I complained since the day it arrived.
Where? Cook County Criminal Courts. 26th Street and California Avenue. Not the Bridgeview or Markham branches of the circuit court, which are much closer to my home.
When? A Tuesday. Deadline day here at the Reporter.
Then again, I was a standby juror. Maybe when I call the court the day before my assigned date, I’d find out they wouldn’t need me. It worked a few years ago for my wife.
No such luck. Individuals with last names beginning with D through R were to report. I guess Bob Rakow was spending a day at the Criminal Courts Building.
The trip there was less hectic than I expected despite Western Avenue construction that detoured cars to Damen Avenue. I still arrived in plenty of time and checked into the jury room before 9:30 a.m.
I was on panel 43. There was a decent chance that panel would not be called. After all, I never made it past the waiting room the last time I had jury duty at criminal court.
Instead, I spotted former Oak Lawn Trustee Steve Rosenbaum back then and chatted with him most of the day. I got into a car crash on the way home that afternoon, but wasn’t called for jury duty. Hey, I’m a “glass half full” kind of guy.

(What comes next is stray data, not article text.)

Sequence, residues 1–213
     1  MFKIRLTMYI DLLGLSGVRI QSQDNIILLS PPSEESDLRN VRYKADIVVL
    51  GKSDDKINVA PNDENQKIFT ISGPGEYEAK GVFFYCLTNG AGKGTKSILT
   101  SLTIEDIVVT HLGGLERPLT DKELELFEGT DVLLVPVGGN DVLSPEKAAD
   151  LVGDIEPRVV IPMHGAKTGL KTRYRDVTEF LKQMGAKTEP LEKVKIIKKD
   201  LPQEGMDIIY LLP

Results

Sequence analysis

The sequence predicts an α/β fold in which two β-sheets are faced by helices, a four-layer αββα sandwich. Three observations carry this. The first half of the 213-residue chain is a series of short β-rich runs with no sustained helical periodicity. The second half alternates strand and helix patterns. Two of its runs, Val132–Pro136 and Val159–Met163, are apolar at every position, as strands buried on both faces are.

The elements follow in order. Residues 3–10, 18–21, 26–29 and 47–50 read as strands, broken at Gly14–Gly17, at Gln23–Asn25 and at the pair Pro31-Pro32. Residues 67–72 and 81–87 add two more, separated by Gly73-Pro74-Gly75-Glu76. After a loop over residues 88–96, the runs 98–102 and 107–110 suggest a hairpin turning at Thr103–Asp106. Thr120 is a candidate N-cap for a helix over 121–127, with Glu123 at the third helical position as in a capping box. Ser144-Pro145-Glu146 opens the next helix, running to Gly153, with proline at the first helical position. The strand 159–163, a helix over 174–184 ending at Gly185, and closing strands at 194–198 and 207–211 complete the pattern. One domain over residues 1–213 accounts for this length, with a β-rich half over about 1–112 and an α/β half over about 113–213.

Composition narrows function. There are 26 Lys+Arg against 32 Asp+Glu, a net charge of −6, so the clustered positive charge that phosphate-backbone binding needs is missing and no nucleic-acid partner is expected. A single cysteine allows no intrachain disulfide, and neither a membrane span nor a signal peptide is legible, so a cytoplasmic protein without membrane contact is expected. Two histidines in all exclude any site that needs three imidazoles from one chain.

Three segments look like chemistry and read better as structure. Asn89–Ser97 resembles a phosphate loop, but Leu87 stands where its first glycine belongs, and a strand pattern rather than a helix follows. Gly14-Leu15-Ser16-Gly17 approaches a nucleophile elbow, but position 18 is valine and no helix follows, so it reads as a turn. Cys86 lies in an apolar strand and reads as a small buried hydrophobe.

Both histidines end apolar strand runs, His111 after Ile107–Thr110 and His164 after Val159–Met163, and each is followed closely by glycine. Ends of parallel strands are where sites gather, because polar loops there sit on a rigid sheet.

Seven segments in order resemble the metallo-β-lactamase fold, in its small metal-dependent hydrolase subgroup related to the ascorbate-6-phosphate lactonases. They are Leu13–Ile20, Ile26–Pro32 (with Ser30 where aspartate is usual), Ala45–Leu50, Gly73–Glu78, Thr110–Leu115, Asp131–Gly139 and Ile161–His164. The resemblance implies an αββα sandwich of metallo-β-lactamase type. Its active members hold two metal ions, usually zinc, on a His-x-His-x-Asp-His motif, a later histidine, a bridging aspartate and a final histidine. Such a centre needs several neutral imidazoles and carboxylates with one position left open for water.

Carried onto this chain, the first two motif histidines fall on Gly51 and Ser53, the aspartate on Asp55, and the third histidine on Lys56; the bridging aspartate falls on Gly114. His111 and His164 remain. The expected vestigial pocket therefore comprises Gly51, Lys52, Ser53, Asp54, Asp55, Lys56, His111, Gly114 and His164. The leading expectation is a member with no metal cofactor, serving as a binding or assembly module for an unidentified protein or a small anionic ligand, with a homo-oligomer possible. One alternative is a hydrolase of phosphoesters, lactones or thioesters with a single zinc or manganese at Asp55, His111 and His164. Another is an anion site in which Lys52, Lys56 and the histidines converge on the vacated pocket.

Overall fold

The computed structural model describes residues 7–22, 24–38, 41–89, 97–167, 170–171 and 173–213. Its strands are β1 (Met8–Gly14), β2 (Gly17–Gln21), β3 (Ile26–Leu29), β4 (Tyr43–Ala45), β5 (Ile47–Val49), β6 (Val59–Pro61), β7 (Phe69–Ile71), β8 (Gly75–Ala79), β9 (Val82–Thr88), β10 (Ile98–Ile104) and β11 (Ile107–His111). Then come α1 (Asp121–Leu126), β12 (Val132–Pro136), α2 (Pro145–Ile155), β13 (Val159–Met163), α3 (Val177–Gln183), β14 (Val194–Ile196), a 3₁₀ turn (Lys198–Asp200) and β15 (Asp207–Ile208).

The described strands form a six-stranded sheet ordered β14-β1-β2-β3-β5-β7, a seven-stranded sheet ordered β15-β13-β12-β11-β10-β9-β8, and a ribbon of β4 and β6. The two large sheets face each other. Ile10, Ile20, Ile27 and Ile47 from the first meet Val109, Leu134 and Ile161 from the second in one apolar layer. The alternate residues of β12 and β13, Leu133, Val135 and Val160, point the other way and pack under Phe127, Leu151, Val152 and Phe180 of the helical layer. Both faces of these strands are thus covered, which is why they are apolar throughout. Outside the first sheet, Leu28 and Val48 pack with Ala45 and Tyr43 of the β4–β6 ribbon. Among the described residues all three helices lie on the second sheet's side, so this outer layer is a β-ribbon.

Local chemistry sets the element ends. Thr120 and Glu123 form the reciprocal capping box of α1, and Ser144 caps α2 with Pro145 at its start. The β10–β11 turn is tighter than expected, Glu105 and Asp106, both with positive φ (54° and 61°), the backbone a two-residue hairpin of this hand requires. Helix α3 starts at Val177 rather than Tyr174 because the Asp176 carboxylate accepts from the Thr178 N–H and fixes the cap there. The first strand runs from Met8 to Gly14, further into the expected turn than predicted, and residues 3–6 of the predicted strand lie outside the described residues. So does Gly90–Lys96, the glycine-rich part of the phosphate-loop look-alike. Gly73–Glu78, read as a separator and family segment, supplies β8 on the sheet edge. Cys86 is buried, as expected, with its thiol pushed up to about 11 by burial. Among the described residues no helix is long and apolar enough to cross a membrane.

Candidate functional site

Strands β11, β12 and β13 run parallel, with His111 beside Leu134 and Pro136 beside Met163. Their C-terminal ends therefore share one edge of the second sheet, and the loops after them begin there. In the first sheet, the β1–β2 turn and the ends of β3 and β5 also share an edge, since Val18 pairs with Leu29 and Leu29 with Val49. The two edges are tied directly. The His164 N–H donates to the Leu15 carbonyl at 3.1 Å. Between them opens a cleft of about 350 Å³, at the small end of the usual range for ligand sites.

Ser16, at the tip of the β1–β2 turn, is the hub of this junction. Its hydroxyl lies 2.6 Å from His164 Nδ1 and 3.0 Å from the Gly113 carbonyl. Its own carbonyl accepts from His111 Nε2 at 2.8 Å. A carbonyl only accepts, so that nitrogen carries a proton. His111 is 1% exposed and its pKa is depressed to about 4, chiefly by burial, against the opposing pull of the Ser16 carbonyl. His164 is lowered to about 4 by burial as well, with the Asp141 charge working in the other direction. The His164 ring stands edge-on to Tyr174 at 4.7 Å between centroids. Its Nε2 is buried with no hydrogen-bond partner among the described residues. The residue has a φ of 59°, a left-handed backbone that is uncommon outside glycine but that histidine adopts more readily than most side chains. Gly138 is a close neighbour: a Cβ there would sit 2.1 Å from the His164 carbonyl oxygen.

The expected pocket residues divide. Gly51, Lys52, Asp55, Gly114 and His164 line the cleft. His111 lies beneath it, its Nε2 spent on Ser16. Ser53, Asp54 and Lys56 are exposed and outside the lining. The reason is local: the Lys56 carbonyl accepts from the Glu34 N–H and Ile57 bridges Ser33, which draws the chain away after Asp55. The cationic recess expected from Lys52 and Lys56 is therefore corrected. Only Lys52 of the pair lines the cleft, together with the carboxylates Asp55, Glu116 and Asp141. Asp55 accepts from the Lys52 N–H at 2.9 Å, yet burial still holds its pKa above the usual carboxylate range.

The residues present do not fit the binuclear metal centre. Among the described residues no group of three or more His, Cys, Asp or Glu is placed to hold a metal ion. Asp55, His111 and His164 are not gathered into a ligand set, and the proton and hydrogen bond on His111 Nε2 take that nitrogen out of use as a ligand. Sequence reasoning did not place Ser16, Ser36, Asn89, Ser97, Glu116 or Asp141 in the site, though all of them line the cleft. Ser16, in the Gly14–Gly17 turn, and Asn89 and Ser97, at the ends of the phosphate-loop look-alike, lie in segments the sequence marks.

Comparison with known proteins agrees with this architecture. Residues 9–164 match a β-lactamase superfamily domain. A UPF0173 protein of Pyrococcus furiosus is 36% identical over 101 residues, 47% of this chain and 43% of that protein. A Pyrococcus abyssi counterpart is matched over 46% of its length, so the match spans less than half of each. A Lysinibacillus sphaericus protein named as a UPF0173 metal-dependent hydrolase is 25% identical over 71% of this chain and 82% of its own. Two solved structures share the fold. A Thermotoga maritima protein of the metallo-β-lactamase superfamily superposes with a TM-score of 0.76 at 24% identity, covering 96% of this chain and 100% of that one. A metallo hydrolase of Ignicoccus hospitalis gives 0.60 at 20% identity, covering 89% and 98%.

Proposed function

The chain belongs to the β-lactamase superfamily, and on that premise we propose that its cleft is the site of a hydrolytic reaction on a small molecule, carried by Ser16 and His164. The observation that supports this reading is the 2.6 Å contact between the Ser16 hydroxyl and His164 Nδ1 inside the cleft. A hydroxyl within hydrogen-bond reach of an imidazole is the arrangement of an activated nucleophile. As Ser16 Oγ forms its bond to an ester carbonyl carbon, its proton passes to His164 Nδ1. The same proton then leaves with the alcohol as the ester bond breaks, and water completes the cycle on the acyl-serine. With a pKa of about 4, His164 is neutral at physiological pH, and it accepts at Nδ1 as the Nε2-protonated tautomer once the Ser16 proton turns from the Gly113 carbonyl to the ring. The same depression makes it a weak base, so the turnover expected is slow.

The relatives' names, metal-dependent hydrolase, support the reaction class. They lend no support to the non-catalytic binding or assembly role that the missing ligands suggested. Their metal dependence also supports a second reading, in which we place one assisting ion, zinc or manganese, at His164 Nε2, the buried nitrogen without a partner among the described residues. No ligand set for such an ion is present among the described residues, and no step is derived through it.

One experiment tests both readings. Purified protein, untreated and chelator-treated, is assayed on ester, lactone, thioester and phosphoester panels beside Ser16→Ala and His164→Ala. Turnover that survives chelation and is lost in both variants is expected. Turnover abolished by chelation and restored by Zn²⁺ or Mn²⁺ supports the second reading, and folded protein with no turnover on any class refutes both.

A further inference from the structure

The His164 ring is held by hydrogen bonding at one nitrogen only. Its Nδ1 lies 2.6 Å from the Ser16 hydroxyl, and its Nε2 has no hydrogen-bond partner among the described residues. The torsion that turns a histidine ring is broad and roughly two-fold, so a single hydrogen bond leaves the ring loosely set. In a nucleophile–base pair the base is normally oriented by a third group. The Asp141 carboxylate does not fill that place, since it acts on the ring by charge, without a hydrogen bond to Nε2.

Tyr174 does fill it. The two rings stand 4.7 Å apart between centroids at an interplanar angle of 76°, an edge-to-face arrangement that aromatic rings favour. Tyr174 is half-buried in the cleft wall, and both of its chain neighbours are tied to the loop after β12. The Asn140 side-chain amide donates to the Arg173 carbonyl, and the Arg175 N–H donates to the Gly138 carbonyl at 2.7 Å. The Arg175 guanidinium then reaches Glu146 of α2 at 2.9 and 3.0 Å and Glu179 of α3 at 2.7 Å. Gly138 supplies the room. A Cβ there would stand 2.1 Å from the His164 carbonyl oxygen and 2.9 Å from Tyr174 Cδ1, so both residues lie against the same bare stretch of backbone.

This time there were no familiar faces in the waiting room and no traffic accidents on the way home, but my jury panel was the third one called. It was looking more and more like I’d be spending some time in the jury box.
A large group was led on a long walk from the jury room to a courtroom on the seventh floor. Other proceedings were ongoing, so we were forced to wait in the hallway for nearly an hour.
When we finally were seated, the judge told us we were potential jurors in a case involving battery and some lesser charges. He introduced the prosecuting attorneys and the defendant, who was acting in his own defense.
At one point, the defendant called for a sidebar and approached the bench—probably a big “Law and Order” fan. It was the most amusing moment of the day—the defendant as Johnnie Cochran.
The judge then read the names of all the potential witnesses, offered some other instructions and sent us to lunch. A 90-minute lunch. I’d have settled for a half-hour break. There’s nothing to do in the courthouse, and the cafeteria food is average at best.
But the extra time did give me a chance to write a story for the Reporter. If you read last week’s Oak Lawn flooding update story, it was written in the jury waiting room, which is a great place to get stuff done. It’s quiet, there’s usually no one to talk to and working on something helps pass the time.
I returned to the courtroom at 2 p.m. ready to face questions from the attorneys and the defendant acting in his own defense. Maybe I’d be selected, maybe not. As I entered the jury box, I noticed my hefty paycheck for $17.50 on my chair.